I still remember the first time that I saw a Japanese Roleplaying Game (JRPG). Like many people of my generation, it was a Final Fantasy game, though not one so obvious as Final Fantasy, Final Fantasy VI (or Final Fantasy 3, if you’re familiar with the North American naming scheme), or Final Fantasy VII. No, it was Final Fantasy Legend II in all of its monochromatic glory on the Nintendo Game Boy.
I was at a friend’s house, and his cousin was also visiting. I’d never met the cousin, but he had a Game Boy (like me), so I liked him almost instantly. But, where I was eradicating (or, more accurately, being eradicated by) the Footclan in Teenage Mutant Ninja Turtles, or dodging winged-Moai statues in Super Mario Land, he had this slow, boardgame-like game, with numbers, equipment, a map, and so many other elements that I was unfamiliar with. In particular, I remember a fight with a tiger. The one pictured here, in fact. As I think back on it, I can only assume that it’s a low level enemy, fought in one of the early game environments. At the time, however, it was something different. Something frightening.
If you do your homework, however, you’ll quickly discover that my first experience with Final Fantasy was, in fact, not with Final Fantasy at all, but with Akitoshi Kawazu’s infamous SaGa series. See, when Square the developer of the Final Fantasy series, wanted to bring over Kawazu’s zany Makai Toushi SaGa, the first in the SaGa series, to North American shores, they decided that it made more sense to release the title under a respected and successful brand, Final Fantasy, rather than attempting to sell something new. It was the right decision. Final Fantasy Legend II became Square’s first million-selling product. Read More »
Yesterday, Final Fantasy VI (affectionately, and confusingly known as Final Fantasy 3 when it was first released in North America) turn 20 years old. The series changed significantly in the years that followed, so it’s fun to look back at this classic game and remember the impact it had on an entire generation of gamers.
Here’s a little bit of trivia: Scott Lynch named Locke Lamora, protagonist of his popular Gentleman Bastards series, after Locke Cole, one of the central characters in Final Fantasy VI!
What is your favourite memory from Final Fantasy VI?
The best news last week was that a 65 year-old Arnold Schwarzenegger is reprising his role as Conan the Barbarian in an upcoming film. The best news this week? Dragon Quest VII, a much debated and eternally long volume in the much-loved RPG series, will be coming to Nintendo 3DS early next year. In Japan.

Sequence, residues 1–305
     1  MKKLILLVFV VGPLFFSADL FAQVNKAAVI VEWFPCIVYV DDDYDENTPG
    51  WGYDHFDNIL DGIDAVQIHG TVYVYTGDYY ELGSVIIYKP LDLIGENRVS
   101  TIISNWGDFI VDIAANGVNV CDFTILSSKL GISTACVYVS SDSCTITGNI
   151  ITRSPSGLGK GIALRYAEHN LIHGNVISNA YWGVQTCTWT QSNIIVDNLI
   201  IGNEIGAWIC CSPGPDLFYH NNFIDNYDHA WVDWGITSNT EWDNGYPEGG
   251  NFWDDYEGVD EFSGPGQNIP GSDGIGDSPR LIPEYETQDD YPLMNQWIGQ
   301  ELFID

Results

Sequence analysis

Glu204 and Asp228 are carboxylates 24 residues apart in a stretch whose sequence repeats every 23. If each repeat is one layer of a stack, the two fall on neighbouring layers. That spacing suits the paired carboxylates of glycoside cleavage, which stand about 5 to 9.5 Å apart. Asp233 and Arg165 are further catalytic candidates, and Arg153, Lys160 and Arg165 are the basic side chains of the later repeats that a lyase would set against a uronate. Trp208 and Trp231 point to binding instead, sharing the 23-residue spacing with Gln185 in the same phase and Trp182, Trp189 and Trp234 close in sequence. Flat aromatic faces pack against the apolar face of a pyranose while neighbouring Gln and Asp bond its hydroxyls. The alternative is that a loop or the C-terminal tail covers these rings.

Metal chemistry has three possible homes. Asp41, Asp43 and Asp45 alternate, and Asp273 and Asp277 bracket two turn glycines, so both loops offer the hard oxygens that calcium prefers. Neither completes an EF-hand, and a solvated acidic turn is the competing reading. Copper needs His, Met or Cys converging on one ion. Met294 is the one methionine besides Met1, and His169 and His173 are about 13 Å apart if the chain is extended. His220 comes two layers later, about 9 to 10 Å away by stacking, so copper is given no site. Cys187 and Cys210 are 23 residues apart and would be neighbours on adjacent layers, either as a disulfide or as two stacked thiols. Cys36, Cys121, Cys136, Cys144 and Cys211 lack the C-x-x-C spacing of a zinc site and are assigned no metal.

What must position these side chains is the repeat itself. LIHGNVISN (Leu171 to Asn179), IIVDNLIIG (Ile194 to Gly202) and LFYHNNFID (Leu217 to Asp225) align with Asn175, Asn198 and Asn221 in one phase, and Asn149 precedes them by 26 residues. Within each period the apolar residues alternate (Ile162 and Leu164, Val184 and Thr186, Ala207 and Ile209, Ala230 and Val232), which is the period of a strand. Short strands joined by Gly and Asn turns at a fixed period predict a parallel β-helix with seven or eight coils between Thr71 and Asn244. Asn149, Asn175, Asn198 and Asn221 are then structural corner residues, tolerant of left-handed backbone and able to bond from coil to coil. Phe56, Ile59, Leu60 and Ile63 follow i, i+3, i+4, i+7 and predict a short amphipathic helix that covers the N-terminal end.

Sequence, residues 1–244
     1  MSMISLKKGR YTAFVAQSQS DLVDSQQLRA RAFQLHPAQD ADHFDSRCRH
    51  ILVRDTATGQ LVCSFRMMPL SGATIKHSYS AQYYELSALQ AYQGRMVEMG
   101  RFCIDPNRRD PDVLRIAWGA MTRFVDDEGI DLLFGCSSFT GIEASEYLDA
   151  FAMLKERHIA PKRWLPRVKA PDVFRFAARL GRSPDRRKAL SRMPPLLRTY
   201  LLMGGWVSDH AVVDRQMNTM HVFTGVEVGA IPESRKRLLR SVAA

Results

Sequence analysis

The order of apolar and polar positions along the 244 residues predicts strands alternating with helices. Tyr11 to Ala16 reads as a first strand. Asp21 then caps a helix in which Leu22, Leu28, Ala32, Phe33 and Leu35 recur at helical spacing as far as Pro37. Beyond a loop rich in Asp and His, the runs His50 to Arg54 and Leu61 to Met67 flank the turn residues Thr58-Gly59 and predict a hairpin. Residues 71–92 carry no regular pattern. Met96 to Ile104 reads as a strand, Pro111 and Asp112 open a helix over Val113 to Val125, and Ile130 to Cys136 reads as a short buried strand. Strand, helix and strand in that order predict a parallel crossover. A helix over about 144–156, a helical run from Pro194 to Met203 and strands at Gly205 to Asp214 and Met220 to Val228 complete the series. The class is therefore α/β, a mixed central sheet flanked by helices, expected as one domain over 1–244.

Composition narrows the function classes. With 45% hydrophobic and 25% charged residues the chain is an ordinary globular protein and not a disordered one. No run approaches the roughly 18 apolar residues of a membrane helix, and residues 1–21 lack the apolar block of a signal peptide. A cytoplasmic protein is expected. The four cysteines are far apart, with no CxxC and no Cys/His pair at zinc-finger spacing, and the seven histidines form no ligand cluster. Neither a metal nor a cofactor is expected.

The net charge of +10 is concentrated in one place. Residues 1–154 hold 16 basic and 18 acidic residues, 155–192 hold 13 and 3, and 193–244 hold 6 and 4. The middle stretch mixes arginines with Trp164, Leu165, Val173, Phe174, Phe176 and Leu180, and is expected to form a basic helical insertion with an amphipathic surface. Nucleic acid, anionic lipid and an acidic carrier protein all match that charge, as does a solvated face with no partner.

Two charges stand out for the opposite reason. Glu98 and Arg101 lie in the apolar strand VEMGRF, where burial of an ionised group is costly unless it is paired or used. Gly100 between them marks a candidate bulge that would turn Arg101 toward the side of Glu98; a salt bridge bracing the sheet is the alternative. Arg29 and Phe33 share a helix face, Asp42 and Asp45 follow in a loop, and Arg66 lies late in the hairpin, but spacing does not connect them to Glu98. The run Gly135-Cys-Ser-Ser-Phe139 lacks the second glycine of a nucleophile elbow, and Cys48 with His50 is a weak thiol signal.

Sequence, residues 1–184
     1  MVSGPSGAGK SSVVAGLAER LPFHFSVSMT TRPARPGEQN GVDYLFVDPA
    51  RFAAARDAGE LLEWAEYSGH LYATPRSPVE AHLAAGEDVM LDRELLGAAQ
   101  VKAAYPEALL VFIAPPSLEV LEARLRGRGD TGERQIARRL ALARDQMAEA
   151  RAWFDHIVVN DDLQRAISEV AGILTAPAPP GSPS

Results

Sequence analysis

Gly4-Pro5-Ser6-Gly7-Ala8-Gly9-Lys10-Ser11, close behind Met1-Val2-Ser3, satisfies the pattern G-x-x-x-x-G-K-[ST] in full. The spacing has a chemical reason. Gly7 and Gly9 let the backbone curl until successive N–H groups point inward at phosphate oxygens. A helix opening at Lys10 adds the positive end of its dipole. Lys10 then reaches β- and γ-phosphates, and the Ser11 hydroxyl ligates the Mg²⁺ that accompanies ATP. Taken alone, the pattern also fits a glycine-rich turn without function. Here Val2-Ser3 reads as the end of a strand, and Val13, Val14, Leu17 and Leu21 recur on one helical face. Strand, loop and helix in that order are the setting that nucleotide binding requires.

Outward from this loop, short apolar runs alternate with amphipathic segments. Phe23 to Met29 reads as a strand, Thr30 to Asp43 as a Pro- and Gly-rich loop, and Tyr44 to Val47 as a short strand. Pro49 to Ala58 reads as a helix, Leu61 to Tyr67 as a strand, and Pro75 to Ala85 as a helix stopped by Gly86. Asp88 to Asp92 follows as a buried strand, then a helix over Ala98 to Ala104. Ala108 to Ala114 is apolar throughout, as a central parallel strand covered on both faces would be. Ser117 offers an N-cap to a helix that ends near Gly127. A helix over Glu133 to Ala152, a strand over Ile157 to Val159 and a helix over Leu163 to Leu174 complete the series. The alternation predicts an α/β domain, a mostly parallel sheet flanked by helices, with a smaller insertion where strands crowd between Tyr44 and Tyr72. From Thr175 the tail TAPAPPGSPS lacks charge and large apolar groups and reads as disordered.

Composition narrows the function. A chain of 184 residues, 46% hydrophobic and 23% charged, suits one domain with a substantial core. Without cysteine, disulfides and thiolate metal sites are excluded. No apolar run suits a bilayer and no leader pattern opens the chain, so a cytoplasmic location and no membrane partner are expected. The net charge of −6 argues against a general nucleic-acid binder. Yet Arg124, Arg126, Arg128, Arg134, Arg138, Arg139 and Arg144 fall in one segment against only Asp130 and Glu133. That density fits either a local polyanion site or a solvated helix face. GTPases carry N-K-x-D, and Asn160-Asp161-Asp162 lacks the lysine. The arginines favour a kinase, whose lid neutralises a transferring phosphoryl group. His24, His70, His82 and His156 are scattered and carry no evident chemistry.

Even the synopsis, taken from the original Playstation release, is charming:
You play the role of a 16 year old boy who lives in the village of Fishbell and aspires to be a great fisherman, like your father Borkano. Once The Hero and his friends Keifer and Maribell start exploring Estard Island, they discover that there used to be more to the world than just their small piece of land. The trio will have to collect ancient tablet shards and use them to revive the lost continents, uncover why they were lost, and who erased them to begin with.
This immediately leaps to the top of my list of most anticipated games. Based on the above scan, the release appears to be a full-on remake, much needed for one of the ugliest (if charming) games of all time. Though this has only been announced for a Japanese release, the previous Nintendo DS remakes of Dragon Quest‘s 4-5 were well received in North America and sold respectably, suggesting that an announcement of an overseas release is likely an inevitability. At least, that’s what I like to tell myself.
Behind closed doors at E3, the largest videogame conference and tradeshow in the world, currently going on in Los Angeles, Square Enix, makers of the popular Final Fantasy series, debuted a stunning new game engine. The engine, dubbed Luminous Studio, was showcased in the form of a real-time short film inspired by Final Fantasy. The four minute film is a marvel of tech, art and sound design.
Keep in mind that what you’re seeing is being rendered in real-time, meaning that, if Square Enix’s projections for hardware specs are correct (and, to be fair, they’re probably optimistic), this is the potential level of quality that we could see in gameplay sections of videogames developed using Luminous Studio. It’s a little astounding. I remember, watching Toy Story, that I marvelled at the time when videogame graphics would surpass Pixar’s efforts. Watching this, I think it’s fair to say that real-time graphics have long ago left those films in the dust, even if they still can’t compete with Pixar’s latest films.